Mask mandates and indoor-dining restrictions are being lifted across the country. If you’re a restaurant owner, is that a mixed blessing? How do you suddenly retrofit your business for what it was like pre-pandemic after so many adaptions?
Not to take you right into Restaurant Reboot, but that’s what this whole event is about, and I’m bringing in a bunch of chefs to talk about it. You have different groups, different states, different laws, and there’s all kinds of messaging coming out. So at any given time, it can be a little bit of a knee-jerk. But let’s first and foremost remember how much we love restaurants. Restaurants are the fabric of our communities. Restaurants employ so many people, so many single families, so many students, so many retirees, so many second jobs. And on top of it all, we get so much personal pleasure out of them. So let’s celebrate restaurants. That’s one of the first things. Secondly, let’s talk about what has happened. There’s no one single recipe that’s going to solve this because we have people working at different levels — some with money, some without money, some with a bunch of staff, some without staff. There’s restaurant pictures up on the internet where they’re saying, “Sorry, we’re unable to open because we don’t have employees. If you would like to work here in a fast-food restaurant for $25 an hour, please call us.”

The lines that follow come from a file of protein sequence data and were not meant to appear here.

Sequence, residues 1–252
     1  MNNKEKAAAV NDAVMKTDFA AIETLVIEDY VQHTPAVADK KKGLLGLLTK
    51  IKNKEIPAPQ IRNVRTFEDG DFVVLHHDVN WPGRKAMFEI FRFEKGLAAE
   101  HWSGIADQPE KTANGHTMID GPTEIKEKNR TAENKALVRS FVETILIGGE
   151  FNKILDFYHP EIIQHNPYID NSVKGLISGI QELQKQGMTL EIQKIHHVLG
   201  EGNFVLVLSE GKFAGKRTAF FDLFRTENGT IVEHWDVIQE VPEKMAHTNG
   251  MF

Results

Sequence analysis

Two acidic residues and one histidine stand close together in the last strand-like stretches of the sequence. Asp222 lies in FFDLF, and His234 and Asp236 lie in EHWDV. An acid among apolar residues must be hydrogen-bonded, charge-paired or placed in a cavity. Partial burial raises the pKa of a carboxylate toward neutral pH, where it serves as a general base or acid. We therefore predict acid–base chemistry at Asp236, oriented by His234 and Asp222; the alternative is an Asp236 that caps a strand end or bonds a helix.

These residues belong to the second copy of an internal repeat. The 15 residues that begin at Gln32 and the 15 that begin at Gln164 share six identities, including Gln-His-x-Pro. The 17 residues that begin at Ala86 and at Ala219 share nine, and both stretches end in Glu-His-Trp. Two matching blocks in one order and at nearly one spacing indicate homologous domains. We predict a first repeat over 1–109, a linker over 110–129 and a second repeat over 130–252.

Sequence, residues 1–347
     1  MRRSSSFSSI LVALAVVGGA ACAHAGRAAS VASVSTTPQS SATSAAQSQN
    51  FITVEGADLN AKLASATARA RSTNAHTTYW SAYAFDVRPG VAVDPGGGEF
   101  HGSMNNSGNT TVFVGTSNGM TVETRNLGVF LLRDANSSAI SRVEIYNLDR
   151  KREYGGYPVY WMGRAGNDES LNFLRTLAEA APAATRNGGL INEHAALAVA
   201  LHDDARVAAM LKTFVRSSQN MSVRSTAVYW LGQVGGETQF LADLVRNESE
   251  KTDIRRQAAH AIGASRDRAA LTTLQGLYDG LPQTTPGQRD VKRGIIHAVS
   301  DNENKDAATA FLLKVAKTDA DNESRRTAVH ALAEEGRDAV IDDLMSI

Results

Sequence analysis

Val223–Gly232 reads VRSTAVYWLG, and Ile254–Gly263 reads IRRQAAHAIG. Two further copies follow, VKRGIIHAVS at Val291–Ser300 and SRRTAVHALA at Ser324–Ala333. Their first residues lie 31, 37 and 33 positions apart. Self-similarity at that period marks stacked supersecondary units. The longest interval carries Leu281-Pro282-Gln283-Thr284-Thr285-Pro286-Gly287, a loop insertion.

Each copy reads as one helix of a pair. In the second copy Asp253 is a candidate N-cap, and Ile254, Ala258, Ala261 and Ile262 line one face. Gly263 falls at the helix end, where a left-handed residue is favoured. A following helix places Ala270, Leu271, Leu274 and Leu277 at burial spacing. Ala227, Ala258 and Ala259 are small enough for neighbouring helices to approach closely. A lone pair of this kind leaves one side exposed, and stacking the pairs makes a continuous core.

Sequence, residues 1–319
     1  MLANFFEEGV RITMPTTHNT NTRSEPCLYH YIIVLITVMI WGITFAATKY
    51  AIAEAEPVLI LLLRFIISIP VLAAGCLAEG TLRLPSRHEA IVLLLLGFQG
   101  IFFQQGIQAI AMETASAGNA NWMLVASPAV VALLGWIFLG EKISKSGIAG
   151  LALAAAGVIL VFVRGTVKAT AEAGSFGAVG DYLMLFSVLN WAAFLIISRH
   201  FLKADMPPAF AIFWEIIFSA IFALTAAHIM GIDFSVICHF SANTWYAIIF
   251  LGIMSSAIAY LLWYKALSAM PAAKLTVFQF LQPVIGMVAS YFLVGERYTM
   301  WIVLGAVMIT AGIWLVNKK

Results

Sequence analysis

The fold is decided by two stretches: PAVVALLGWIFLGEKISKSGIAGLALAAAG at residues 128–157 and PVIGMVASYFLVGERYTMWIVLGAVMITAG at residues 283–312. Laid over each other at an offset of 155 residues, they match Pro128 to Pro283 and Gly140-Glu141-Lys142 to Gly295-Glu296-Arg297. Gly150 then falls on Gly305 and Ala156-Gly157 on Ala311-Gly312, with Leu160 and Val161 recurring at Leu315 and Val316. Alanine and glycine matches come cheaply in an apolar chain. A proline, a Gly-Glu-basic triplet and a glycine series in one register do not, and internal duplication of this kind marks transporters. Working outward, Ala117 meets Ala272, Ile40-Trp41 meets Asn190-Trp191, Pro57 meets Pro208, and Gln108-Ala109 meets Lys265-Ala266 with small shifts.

I mean, that’s crazy, man. I’ve been in this industry my entire life, and I’ve never seen anything like this. So we got a couple of other challenges that we maybe weren’t anticipating as much. So there’s going to be a lot of discussions, but the whole inspiration behind Restaurant Reboot is: information, awareness, celebration, participation. I want to show the industry that all these big companies are behind you.
People have gotten so accustomed to no-contact delivery, curbside pickup, innovating outdoor dining, etc. How do you reconnect people with what they loved about the traditional experience of going out to eat?
Sometimes you have to really explain to people: That little place you’d go since you’re a kid, owned by that great couple and their kids worked there? Well, believe it or not, they may not have got a break on their rent. They may not have got PPE. They may be ready to close tomorrow and you don’t know. So give them some love, pay attention, find out what’s going on. As much as you think they are there for you, it kind of goes the other way too. You’re there for them.